• NHSE/I launch consultation on “phase three” of restructure
  • Total restructure exercise expected to reduce current structure by around 1,200 posts

NHS England and Improvement are beginning the third and largest phase of the restructure bringing the two organisations together, which is expected in total to remove about 15 per cent of posts.

They today launched a consultation on “phase three” of their joint working restructure programme. This phase covers all staff on Agenda for Change contracts or equivalents. The more senior staff have been covered in previous phases.

In total, the restructure – including all three phases – is expected to reduce the current number of posts by around 1,200, and estimated to deliver a reduction of around 15.2 per cent from the starting point.

According to the consultation document, the estimated number of people put at risk of redundancy today in phase three is 966.

The current figures are not final, in part because structures for the “people” directorate and posts linked to NHSX – the digital division jointly reporting to the Department of Health and Social Care – are not complete.

The document says the programme overall, including reductions in some non-staff budgets, will reduce annual national and regional admin spending by £95.6m – a 17 per cent reduction on 2018-19 spending.

A further cut of £50.2m – or 25 per cent of the 2018-19 baseline – is planned for programme budgets, which pay for work on service improvement schemes, among other things.

The document adds the reductions are inspired in part by the government’s “cap on combined administrative spending… which requires a real terms reduction in spending”.

However, it says the proposals involve “a greater reduction in corporate functions expenditure than mandated by government”. This allows “some reinvestment in new roles required to deliver the new organisation operating model”, such as the new “people” function. Conversely, it is thought some teams in NHSE and I are due to see post reductions substantially larger than the 15 per cent total.

The consultation document adds: “This model will be adaptive, changing over time to adjust to developments in the health system environment. For example, as local systems improve and transform, the balance of activities that take place in the regions and in the local health system may shift to ensure that services, support, regulation and improvement are all located where they best deliver improved care and health for patients.”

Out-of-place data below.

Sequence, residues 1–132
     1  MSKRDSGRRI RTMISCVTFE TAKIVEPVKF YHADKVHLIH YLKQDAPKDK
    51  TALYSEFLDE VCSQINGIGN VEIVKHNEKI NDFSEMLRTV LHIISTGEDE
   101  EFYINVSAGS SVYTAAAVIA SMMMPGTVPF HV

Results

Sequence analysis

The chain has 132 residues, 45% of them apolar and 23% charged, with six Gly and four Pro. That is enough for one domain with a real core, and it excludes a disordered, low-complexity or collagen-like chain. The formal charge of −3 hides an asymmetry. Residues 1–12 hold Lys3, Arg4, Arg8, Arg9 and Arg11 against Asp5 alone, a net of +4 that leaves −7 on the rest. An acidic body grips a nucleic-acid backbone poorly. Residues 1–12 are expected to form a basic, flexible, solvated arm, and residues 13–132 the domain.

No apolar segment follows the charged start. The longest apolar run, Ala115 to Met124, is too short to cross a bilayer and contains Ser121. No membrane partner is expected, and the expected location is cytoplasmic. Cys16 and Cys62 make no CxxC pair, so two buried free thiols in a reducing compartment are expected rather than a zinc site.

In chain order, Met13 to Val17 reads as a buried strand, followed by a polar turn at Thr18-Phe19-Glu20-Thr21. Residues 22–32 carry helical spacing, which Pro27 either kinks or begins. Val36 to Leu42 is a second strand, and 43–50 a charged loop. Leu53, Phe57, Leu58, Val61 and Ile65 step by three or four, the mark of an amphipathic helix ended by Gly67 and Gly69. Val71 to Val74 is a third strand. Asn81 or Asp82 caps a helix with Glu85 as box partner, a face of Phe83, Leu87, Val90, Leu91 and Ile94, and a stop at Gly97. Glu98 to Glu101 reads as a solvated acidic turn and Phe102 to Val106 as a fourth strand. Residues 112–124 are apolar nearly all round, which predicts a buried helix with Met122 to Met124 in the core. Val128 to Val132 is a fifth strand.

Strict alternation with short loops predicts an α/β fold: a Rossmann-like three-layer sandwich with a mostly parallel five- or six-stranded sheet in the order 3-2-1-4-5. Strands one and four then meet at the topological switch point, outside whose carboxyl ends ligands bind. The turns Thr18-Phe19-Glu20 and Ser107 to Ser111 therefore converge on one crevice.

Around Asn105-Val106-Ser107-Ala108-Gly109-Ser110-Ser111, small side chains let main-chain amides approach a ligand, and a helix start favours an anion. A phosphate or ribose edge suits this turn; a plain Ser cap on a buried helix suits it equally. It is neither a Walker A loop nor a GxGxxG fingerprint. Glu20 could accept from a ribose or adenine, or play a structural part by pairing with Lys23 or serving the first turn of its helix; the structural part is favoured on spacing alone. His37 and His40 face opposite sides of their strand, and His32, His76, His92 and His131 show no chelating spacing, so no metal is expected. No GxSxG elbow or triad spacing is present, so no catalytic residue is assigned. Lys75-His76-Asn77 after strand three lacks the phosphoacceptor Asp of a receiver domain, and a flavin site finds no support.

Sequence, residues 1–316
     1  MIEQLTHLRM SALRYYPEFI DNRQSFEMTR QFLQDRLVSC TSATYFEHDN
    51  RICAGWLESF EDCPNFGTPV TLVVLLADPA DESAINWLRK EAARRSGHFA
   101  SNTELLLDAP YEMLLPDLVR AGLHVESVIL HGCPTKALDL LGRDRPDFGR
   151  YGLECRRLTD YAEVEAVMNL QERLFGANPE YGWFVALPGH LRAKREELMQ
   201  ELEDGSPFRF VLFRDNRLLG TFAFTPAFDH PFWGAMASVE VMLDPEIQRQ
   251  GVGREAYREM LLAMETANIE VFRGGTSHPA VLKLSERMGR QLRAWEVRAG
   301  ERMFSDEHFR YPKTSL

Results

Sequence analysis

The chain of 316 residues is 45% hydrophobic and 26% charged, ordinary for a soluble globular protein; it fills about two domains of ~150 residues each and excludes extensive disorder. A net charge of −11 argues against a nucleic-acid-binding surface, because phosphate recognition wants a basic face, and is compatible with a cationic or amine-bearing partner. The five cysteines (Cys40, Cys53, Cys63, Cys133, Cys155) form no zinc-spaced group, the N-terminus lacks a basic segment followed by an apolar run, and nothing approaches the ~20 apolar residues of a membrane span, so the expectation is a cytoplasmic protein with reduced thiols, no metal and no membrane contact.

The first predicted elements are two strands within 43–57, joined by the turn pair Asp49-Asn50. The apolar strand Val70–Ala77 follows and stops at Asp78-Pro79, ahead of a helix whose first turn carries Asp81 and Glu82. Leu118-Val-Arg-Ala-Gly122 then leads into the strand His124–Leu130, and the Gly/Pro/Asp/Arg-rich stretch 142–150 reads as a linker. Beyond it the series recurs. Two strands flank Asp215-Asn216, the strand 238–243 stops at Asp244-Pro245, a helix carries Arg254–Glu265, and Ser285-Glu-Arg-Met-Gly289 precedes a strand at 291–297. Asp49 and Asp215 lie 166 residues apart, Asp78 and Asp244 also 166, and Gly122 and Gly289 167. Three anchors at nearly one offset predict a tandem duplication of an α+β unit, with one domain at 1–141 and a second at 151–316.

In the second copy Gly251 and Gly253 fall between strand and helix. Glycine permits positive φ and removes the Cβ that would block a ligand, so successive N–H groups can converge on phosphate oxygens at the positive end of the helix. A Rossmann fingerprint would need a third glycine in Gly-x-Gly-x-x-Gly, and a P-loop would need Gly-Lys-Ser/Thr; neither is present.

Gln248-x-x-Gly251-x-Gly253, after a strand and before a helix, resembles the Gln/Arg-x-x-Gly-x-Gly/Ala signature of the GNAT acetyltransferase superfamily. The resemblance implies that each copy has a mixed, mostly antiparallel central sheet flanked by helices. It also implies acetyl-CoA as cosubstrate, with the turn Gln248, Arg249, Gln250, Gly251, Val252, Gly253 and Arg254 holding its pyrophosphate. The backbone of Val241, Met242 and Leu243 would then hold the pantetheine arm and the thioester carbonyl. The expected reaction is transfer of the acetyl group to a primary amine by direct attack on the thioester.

It also says: “At its heart, our new operating model will be built on the development of a new shared culture, set of values, behaviours and capabilities to support compassionate system leadership throughout the NHS.

“Internally, we will work to ensure our organisation is a place where our staff are supported to do their best work and we model the kind of supportive, inclusive, improvement focused culture and compassionate leadership that is required… Externally, through our regional teams, the tone of our interactions with the system will be focused on enabling, promoting, encouraging and supporting local systems to deliver.”

Where roles are removed, staff will be required to apply for ”suitable alternative employment opportunities”, with the document adding :”If no alternative employment can be found, then staff will be given their notice of their employment terminating by reason of redundancy.”

Staff consultation on the proposals will run until 29 August.

Annual reports for NHSE and NHSI indicate the number of staff employed grew overall at both during 2018-19. At NHSI, the average total staff number during the year to 31 March 2019 was 1,677, of which 1,249 were permanent. This compared to a total at 31 March 2018 of 1,369, of which 1,143 were permanent.

At NHSE, the average number employed during 2018-19 was 6,660, of which 5,866 were permanent; up from 6,149 in 2017-18, of which 5,278 were permanent. It is unclear how the number of staff jointly appointed between NHSE and I affected these figures.